Vincent did what I would have done, except the TV is too close to the unused fireplace to get behind it with the wheelchair, and I am too unsteady to work standing in the walker without holding on: he fiddled with the cables connecting the set top box to the LG TV. And of course that did it. A lot of the splutter went away. Next move was to unplug all the cables, clean the contacts, plug them in: Voila!

You’ll find by and large, the trouble is a cable.


new laser weapon

What are the chances of Lockheed Martin’s new 30kw laser (or similar) being used to recharge batteries or capacitors on airborne drones?

jon spencer

Interesting to speculate on. I don’t know. And then there’s this:


Tactical Laser Weapon Module Can Laserify Almost Anything

The thing in this picture isn’t a photon torpedo. But, it’s close. It’s a photon cannon, currently under development by General Atomics. Small, versatile, and completely self-contained, it turns anything onto which you stick it into a powerful laser weapon. And at just two cubic meters in volume, you should have no trouble mounting it on the roof rack of your Volvo.

General Atomics’ Tactical Laser Weapon Module is one of those pieces of futuristic technology that can show up out of nowhere at a military expo (in this case, the Navy’s Sea-Air-Space Exposition) and just sit there, attracting plenty of attention while also being almost entirely classified.

What we were able to find out about this thing is that it’s a laser weapon with output energies (that’s output, not total power in the system) ranging from 75 kilowatts all the way up to 300 kilowatts. To put that in perspective, about a year ago we wrote about how Lockheed was using a portable fiber laser to shoot down rockets at a range of 1.5 kilometers using just 10 kilowatts of power. Suffice it to say, 300 kilowatts is rather a lot. The weight of the system is dependent on its output power and the number of shots you want, but General Atomics engineers say that they’ve gotten it down to just 4 kilograms per kilowatt.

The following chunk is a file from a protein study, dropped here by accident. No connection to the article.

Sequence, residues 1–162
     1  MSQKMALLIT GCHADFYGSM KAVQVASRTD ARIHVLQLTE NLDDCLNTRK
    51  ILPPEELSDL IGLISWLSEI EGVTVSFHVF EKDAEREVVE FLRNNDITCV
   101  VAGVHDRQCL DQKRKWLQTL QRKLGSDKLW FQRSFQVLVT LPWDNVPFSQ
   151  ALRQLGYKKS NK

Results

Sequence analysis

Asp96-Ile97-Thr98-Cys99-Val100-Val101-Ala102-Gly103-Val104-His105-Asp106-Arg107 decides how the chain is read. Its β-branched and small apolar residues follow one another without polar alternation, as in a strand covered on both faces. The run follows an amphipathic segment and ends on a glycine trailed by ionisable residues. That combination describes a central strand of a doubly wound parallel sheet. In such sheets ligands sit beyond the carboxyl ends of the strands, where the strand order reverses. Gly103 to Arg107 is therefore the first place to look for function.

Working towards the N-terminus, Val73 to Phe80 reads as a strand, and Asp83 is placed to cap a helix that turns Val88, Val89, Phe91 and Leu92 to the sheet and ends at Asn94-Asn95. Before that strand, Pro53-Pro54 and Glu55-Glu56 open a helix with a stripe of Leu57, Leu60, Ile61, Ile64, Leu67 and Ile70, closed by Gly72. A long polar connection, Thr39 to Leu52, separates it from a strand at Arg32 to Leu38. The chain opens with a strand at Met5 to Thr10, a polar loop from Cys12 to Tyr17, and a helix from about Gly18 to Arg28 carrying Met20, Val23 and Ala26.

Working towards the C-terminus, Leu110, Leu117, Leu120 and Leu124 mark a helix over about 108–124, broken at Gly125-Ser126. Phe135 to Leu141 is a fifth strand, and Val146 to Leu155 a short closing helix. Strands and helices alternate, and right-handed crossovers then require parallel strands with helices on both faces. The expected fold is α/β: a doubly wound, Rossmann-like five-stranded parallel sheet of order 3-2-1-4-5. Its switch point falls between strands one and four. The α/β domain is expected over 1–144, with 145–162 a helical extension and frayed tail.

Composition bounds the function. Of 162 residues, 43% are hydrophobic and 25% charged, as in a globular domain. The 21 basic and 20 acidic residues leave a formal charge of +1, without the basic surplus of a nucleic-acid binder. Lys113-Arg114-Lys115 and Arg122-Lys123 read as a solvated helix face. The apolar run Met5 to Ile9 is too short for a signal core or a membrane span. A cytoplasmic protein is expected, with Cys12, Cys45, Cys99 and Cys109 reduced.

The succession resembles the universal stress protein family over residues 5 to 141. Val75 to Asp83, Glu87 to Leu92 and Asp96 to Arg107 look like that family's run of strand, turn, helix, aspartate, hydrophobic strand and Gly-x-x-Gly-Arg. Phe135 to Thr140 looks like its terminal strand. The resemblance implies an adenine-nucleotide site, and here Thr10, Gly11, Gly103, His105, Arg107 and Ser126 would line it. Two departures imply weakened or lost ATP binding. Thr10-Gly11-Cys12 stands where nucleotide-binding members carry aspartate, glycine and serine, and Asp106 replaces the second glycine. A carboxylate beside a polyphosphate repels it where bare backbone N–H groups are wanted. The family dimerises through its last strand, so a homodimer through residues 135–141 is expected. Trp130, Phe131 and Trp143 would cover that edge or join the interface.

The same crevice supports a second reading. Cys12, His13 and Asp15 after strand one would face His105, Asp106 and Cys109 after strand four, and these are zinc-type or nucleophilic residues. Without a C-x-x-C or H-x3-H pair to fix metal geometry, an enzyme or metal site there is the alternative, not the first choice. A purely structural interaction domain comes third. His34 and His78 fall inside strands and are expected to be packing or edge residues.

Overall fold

The module in the picture above represents almost the entirety of an operational laser weapons system. You’ll have to wire it up to your own controller, but otherwise, all it needs to finish it off is a beam director—basically, a glorified steerable telescope that can intercept the laser beam as it comes out of that hole on the front of the module and then point it at what you want it to torch. You don’t even need to connect the module to an outside power source; it’s packed with enough lithium-ion batteries to give you some number of shots (although, as with almost every question we asked, General Atomics won’t give us specific numbers, because it’s, well, classified).

General Atomics did go so far as to suggest that this laser would be great as an add-on to the AC-130 gunship or V-22 Osprey. Since it’s so small, though, it would also fit onto UAVs like the Predator C. It could even be carried by ground vehicles like the Joint Light Tactical Vehicle, which means that I bet my Volvo could handle it as well. Take that, traffic jams.


Too true

Mutually Assured Destruction in 21st century – the Ramirez take:



Herman Kahn pointed that out a long time ago. The rationality of being irrational.


Long lost nuclear warhead found…


Wonder what that might have been “worth” on the black market? Not counting the lives of the finders/sellers, which would have probably been forfeit after the bomb was located by the buyer.

Charles Brumbelow

In the old days, the Company would buy fissionables no questions asked, no ID wanted; but again a long time ago. And of course fissionables deteriorate.


Red’s latest ‘Weapon’ is an 8K full-frame camera

Red launched the first mainstream 4K camera when 1080p seemed like overkill, and now that this whole 4K thing might work out, it’s got an 8K RAW model. The Weapon ‘Vista Vision’ features a mind-boggling 8,192 x 4,320, 35-megapixel sensor that can do up to 75 fps, widescreen 8K. The chip is also 40.96 x 21.6mm or Vista Vision-sized, considerably larger than the full-frame sensor on a camera like the Nikon D810. Video can be recorded in RAW and scaled-down ProRes formats simultaneously, just as with the company’s 6K Weapon models.